Red 9 design coilovers

Discussion in 'Suspension, Steering Braking' started by chris_r582, Dec 20, 2012.

  1. Has anyone got or used the red 9 design EZ RIDER COIL-OVER CONVERSION KIT – BAY WINDOW CAMPER

    They seem to be a cheaper and possible safer option then getting the front beam chopped and welded.
  2. Cheers madpad.
  3. Yes can confirm very good I ran one on my bus vast improvement over crappy adjusters ride quality far better but now upgraded to twin wishbone setup and difference again is incredible and well recommended but if on a budget by far the best way to lower your bus and have a good ride quality and simon and trev at red9 very nice people go see them they have open days on one Saturday per month check website for details or give them a ring
  4. They work by removing the torsion springs and replacing it with coil over shock , putting most of the front weight onto to shock tower , fine if you think it's in good enough condition to take the weight
  5. Very true but yes I wouldn't fit to a rotten beam either I would not drive a bus with a rotten beam trev at red 9 is a structural testing engineer so he does know what he's doing lol trust the experts
  6. The guy selling them may well know what he's doing but once the postman has delivered said coil overs your man fitting them on his drive has no idea that he needs a rust free beam in A1 condition to bolt them on to . While on the subject ask trev next time you talk to him why on the wishbone set up he has designed it that the whole weight of the front of the bus all goes through the upside down lower ball joint leaving the top to do very litle.
  7. I agree should be pointed out at point of sale and as for all the weight on the bottom this is true in all twin wishbone set ups all the weight is on the wheels attached to the spindle which is attached to top wishbone you know this perfectly good enough for many high performance v8 s etc kit cars lotus design also so proven on the track etc
  9. Hi are u running ur bus on twin wishbone set up from red 9 if so how good are they ? Thinkin of putting them on mine
    Cheers stu
  10. I personally wouldn't touch anything which hadn't been rigorously tested and came with a full certificate of conformity. But then I work in the testing industry and see/hear every day about cases where we have conducted failure analysis across a wide range of industries where 'experts' have designed something, used it themselves and deemed it suitable for use. Our 'experts' often find them out.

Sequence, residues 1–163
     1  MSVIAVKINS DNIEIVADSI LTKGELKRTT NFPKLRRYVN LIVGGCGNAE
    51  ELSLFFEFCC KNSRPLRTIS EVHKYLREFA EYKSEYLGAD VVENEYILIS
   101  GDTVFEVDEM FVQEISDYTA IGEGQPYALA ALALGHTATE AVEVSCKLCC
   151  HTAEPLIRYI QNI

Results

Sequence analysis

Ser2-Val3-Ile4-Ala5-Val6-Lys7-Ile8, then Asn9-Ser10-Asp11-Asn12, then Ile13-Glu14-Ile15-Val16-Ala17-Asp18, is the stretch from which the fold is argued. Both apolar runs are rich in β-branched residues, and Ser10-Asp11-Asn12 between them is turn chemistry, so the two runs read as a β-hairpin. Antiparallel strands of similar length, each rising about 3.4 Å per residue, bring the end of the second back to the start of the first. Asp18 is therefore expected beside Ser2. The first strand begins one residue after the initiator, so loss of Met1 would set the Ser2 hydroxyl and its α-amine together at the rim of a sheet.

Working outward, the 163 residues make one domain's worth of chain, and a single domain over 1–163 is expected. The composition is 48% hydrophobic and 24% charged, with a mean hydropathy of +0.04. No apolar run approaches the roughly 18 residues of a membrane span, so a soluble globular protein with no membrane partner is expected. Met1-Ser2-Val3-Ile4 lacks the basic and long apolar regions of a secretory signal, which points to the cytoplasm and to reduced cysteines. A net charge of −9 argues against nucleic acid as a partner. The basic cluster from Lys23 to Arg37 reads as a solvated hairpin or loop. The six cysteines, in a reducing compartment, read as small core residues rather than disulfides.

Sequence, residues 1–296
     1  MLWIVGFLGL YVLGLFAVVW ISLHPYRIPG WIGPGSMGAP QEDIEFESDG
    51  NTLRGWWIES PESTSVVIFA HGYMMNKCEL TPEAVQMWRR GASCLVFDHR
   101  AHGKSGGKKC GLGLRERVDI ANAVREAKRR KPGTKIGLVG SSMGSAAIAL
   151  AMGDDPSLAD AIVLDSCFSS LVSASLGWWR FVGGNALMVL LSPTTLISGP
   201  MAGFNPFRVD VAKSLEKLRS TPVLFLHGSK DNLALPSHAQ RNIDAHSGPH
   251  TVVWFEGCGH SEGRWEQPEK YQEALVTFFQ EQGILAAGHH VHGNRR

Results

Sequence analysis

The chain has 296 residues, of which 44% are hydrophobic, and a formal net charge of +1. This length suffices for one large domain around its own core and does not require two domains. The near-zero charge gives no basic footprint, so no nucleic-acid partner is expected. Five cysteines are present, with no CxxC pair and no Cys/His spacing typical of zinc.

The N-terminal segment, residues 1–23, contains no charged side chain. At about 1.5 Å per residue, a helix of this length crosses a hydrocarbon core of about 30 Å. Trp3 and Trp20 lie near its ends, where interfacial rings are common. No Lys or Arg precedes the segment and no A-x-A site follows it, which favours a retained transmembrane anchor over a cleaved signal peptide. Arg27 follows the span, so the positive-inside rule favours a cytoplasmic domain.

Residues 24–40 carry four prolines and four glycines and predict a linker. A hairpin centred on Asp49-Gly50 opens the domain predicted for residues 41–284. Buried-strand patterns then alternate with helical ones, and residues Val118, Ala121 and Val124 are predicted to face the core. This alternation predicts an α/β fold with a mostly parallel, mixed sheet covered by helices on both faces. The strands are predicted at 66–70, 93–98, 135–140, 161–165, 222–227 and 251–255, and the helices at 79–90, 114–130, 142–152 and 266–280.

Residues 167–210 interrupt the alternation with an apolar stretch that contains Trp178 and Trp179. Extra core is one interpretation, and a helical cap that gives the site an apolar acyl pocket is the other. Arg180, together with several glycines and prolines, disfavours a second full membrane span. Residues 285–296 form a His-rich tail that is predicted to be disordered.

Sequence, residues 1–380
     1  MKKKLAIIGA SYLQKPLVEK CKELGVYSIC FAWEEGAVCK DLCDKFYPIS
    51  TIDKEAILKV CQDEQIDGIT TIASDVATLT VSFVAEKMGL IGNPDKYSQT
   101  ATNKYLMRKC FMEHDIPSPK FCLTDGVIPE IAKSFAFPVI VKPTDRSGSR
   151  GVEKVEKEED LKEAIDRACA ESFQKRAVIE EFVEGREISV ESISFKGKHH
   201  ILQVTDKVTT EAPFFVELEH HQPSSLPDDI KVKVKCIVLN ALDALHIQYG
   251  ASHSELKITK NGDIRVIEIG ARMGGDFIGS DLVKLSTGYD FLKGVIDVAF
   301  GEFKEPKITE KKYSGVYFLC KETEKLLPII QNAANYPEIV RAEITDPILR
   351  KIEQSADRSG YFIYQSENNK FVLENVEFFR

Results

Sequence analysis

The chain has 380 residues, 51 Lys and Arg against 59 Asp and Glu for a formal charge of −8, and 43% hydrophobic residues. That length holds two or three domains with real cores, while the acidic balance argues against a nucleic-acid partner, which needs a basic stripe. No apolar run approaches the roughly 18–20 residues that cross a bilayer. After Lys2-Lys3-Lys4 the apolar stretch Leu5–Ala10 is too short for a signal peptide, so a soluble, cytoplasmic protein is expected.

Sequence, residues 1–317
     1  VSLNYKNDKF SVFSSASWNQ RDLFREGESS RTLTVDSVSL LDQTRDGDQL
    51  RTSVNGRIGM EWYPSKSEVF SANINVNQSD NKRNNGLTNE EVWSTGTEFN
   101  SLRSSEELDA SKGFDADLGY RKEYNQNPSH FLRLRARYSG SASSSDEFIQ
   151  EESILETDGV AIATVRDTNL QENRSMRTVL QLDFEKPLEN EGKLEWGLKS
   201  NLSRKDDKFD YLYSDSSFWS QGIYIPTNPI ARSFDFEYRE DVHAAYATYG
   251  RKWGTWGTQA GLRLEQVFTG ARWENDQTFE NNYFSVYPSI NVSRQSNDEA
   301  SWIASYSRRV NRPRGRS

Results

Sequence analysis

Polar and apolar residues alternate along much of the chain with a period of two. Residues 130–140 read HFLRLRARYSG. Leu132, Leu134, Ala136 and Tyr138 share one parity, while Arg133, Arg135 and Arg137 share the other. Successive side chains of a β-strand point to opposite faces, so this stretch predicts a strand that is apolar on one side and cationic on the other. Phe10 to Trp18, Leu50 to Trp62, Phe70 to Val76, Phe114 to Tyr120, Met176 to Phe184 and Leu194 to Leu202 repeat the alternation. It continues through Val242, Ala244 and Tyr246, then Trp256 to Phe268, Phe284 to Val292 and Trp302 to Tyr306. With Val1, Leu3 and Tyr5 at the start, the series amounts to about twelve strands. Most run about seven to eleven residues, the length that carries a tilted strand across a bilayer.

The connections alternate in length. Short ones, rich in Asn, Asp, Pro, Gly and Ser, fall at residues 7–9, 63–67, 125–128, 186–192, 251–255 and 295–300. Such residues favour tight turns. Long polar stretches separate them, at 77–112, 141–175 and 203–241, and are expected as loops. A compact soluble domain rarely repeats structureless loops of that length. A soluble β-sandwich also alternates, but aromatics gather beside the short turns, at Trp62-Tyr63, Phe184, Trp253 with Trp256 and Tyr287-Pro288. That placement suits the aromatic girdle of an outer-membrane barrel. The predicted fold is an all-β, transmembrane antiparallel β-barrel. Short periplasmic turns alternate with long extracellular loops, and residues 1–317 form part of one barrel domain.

Auto manufacturers may use similar techniques, however, they will also life a vehicle in days or weeks normally on a dynamic test rig, but also in real life proving ground situations. They maintain all of this data which shows the life expectancy of a component and is also reflected in the extensive maintenance, repair, overhaul information they provide.

    Red 9 is undoubtedly nice looking kit which appears to be well made, but without that piece of paper I personally wouldn't touch it. I have personally spoken to the designers there and they are clever guys, but still, it would hold so much more sway if they could prove what they say.

    If you buy an off the shelf product made specifically for the van it will have had rigorous testing and be proven, and will be released for sale as conforming to a known standard. Its interesting that VW heritage have now released their latest lowered and narrowed beams, brandishing a TuV certificate. I'm not sure if this just applies to the manufacturing quality (as in its been made within a company which operates within a recognised quality system) or whether they have actually tested it.

    I work in an industry where we destroy things and take them way beyond the limits that they were designed to work within. For this kind of component it would only require a single structural dynamic test which could probably put a million miles on it in a matter of weeks. I may have mentioned this before but a customer of mine also manufactures alloy wheels. Their customers for high performance components (big german manufacturers) are no longer willing to accept results from 'standard' high cycle fatigue tests. This is a basic test where by the wheel is held statically in a frame by its hub and load is applied and removed to the rim in high cycle, usually 80hz+, either for a set number of cycles or until failure. The manufacturers are now requesting real time data, so they have embarked on an investment whereby they can program in a route (they will use race tracks) such as Hockenheim or Nurburgring, and the wheel will actually be tested fully and dynamically through all axis, and lifed within a matter of days.

    Then certified
  11. Birdy

    Birdy Not Child Friendly

    I utterly detest them. I don't think they improve anything over the original torsion beam.

    We have one in that is such a lovely bus. Sadly it has coil overs (I don't know whose set up it is so I can't say its XYZ company. The shocks are Spax). The engine is amazing. The bus lovely. The ride awful!! It's crashy and knocky. It doesn't inspire me with confidence.

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